9. Allen Robinson, JAX
2017 Projection: 82 receptions / 1230 yards / 10 touchdowns (265 points)
Outlook: 2015 was a disaster for the entire Jacksonville franchise. Robinson, who was a consensus Top 10 pick at his position at this point last season, enters the 2017 season as the undisputed #1 wide receiver again in an offense that looks to rebound. A lot of that depends on Blake Bortles development, however. It is interesting to note that Robinson had excellent fantasy days during the final few weeks of last season in which Doug Marrone took over as head coach of the franchise. He returns this year to lead the Jaguars, and I expect a bounce back season for most players on the team. One of the more physically dominant players in the league, I expect a bounce back for Robinson at a very agreeable price.

10. Alshon Jeffery, PHI
2017 Projection: 86 receptions / 1247 yards / 9 touchdowns (264 points)
Outlook: One of the worst contract years in league history was had by once-elite Alshon Jeffery, and it was reflected in the meager 1-year deal he received from Philadelphia. However, reports out of Eagles practices show a rapport with quarterback Carson Wentz, who severely lacked a big time weapon on offense last year. Once again playing for a deal with the best quarterback he has ever played with, I expect Jeffery to take control of the #1 role at wide receiver in this offense and for the connection between him and Wentz to be pretty strong. We have seen what Jeffery can do in the past, and everything is in line for him to duplicate things if he can stay in shape and stay healthy. If those two things happen, Jeffery will be a value at most draft slots.

11. Dez Bryant, DAL
2017 Projection: 82 receptions / 1230 yards / 9 touchdowns (259 points)
Outlook: Bryant returns to an offense that features a great young quarterback in Dak Prescott and the offensive Rookie of the Year in Zeke Elliott. Still in his prime in his late twenties, Bryant offers huge upside as a receiver who can simply take over a game. With Jason Witten another year older and no real threat at the position other than Bryant, if he can stay healthy for the entire year, he is going to be a great player. A dominant force on a great young team, Bryant has a chance to outscore these projections. Health, as always, is the wild card.

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12. Julio Jones, ATL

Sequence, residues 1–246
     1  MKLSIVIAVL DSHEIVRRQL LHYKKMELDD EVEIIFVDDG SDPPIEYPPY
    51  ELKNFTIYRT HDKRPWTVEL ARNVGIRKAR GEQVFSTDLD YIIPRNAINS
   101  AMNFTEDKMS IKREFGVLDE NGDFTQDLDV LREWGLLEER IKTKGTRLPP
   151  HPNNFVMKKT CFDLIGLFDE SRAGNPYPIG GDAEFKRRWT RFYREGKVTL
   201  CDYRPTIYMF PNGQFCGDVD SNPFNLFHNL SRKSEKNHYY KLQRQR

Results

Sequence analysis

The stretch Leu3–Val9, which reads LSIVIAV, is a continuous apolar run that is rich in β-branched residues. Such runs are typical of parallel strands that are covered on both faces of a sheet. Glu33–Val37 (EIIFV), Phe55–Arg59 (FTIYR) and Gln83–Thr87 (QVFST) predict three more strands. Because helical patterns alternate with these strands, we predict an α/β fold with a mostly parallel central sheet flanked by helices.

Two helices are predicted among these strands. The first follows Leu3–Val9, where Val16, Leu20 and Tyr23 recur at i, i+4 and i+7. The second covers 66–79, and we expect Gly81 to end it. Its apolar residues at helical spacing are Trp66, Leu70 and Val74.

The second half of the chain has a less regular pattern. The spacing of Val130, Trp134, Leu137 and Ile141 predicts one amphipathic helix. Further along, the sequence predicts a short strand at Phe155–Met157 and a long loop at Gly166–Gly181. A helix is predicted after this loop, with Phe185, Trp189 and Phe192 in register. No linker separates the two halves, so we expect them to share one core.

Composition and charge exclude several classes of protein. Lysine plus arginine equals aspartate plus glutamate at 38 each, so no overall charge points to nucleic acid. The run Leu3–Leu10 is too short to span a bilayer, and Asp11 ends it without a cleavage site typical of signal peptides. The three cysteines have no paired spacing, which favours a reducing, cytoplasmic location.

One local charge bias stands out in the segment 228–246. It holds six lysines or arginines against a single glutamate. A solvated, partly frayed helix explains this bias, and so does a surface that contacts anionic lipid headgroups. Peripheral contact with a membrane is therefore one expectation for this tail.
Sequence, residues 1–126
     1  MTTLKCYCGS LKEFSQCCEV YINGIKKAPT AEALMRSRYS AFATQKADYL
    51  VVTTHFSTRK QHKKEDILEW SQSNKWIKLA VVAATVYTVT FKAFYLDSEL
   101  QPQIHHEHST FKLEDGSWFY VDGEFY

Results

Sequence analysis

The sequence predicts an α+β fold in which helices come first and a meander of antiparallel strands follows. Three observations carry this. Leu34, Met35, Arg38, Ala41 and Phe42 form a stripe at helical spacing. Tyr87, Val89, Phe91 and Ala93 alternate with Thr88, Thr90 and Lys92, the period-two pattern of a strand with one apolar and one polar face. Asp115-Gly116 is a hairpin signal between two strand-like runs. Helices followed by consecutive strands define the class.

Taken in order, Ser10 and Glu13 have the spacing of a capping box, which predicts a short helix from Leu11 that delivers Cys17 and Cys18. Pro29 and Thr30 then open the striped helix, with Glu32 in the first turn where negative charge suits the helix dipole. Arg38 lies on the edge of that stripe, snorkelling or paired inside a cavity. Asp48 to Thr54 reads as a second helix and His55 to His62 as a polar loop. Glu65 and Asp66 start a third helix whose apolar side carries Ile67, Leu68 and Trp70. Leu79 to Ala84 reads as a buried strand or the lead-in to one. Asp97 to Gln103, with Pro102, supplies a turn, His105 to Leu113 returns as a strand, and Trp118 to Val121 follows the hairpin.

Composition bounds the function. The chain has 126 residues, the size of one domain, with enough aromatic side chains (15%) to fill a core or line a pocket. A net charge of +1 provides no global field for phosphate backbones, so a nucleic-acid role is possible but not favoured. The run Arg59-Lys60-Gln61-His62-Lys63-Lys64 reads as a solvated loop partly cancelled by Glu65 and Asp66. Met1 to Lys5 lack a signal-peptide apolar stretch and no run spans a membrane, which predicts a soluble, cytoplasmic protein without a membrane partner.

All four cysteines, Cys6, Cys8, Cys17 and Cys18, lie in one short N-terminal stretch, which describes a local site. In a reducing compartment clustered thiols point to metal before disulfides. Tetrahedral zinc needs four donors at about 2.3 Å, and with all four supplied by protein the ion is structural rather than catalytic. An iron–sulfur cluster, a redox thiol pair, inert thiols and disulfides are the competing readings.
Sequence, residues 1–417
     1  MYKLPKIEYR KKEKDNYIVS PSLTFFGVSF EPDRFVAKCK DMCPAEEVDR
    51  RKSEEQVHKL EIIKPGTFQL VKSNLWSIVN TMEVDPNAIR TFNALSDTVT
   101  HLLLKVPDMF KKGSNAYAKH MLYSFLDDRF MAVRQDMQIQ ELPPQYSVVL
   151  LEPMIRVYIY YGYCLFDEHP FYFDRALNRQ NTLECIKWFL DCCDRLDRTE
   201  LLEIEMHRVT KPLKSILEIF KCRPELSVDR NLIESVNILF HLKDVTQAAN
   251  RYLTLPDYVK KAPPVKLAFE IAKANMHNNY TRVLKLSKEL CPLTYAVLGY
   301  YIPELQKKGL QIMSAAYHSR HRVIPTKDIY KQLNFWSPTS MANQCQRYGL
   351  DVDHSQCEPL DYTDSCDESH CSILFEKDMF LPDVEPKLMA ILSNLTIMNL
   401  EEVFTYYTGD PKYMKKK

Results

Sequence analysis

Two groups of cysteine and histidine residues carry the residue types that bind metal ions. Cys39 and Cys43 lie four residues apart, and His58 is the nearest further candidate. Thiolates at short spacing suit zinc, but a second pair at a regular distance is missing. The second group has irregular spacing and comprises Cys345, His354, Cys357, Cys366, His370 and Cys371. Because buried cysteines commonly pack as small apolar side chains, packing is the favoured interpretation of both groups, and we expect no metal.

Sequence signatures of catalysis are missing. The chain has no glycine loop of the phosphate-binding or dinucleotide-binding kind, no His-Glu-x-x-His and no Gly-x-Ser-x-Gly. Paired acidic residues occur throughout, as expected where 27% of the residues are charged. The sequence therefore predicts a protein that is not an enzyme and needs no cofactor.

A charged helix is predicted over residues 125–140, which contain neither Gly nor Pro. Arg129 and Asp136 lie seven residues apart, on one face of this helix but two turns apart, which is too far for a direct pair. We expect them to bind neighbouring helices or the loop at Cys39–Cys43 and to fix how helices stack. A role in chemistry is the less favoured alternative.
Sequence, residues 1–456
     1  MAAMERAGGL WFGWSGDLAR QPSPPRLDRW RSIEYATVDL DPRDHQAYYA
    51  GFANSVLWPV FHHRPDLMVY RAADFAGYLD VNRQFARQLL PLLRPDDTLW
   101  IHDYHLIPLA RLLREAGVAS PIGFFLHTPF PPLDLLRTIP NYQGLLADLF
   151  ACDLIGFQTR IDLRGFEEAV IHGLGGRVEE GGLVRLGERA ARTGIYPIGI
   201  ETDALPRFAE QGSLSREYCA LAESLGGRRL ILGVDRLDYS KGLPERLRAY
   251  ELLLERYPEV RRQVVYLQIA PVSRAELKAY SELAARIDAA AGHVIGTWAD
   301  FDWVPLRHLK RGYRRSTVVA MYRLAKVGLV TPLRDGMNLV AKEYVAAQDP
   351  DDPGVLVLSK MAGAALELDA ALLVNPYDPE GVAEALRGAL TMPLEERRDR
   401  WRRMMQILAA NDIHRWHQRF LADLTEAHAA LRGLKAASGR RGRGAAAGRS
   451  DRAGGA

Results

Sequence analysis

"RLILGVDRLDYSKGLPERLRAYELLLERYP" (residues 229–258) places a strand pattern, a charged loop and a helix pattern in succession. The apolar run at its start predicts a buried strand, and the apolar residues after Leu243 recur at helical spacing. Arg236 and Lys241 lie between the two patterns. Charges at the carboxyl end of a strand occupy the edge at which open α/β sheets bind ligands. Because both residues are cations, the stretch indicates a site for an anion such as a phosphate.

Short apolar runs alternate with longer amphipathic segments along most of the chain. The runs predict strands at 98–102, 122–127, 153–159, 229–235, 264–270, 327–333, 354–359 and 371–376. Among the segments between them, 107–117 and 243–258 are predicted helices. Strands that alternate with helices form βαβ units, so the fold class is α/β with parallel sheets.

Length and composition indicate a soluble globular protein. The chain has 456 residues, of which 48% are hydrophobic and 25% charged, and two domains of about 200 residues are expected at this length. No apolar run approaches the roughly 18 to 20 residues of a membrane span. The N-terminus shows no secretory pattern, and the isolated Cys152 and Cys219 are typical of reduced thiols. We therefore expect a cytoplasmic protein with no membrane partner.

2017 Projection: 86 receptions / 1209 yards / 8 touchdowns (254 points)
Outlook: Another curveball! It’s not that I dislike Julio. I have had him on my teams many times and he is simply an animal. I just think there are plenty of great receivers in the NFL and that their situations are a bit better for fantasy purposes this year. I expect the Atlanta offense to regress as a whole, as they lost one of the sharpest offensive coordinators in the game in Kyle Shanahan, and bring in an unproven coach in Steve Sarkisian. I also think that Matt Ryan played way over his head last season and I expect him to come back down to what his usual career stats are, somewhere around 4000 yards and 28 touchdowns or so. Julio also had offseaosn foot surgery, which is a concern given his history. Julio can make me look like a complete idiot with these projections, or like a genius. The odds are he makes me look like an idiot, however I believe that there is so much talent at this position in today’s NFL that Julio, while still elite, falls back a little bit.

Stay tuned for the rest of the Top 20, plus the entire Top 65 WRs, coming later this week!

2017 Running Back Rankings (PPR) – Top 21-40 Rankings / Projections / Outlook Blurbs

Continued from my blog post last week featuring #1-20, found at this link:

21. Marshawn Lynch, OAK
2017 Projection: 200 attempts / 1000 rushing yards / 8 rushing touchdowns; 25 receptions / 200 receiving yards / 2 receiving touchdowns (180 points)
Outlook: Marshawn Lynch returns to the NFL for his hometown team, the Oakland Raiders. Bringing life to a disenfranchised fan base due to their impending move to Las Vegas, Lynch returns healthy and with a renewed focus as he looks to be the missing piece to spurring his hometown team to new heights in 2017. Always a threat to run over multiple defenders and seemingly will himself into the end zone, I expect him to have value if his body holds up. After a year away from the game and with new motivation, I’d never bet against Lynch.

22. Kareem Hunt, KC
2017 Projection: 140 attempts / 700 rushing yards / 9 rushing touchdowns; 28 receptions / 182 receiving yards / 1 receiving touchdown (176 points)
Outlook: I’m pretty high on Kareem Hunt. Andy Reid running backs are always excellent fantasy plays (see: Jamaal Charles, LeSean McCoy, and Spencer Ware when he is healthy.) The problem with Ware is that he is frequently banged up and had concussion issues last year. I think the Chiefs added Hunt to their already-crowded backfield for a reason and as a result, believe he will put up low-end RB2 numbers in what is sure to be a time share. The hype won’t die on this kid and I believe he plays well despite it.

23. Duke Johnson Jr., CLE
2017 Projection: 80 attempts / 360 rushing yards / 1 rushing touchdown; 60 receptions / 600 receiving yards / 2 receiving touchdowns (174 points)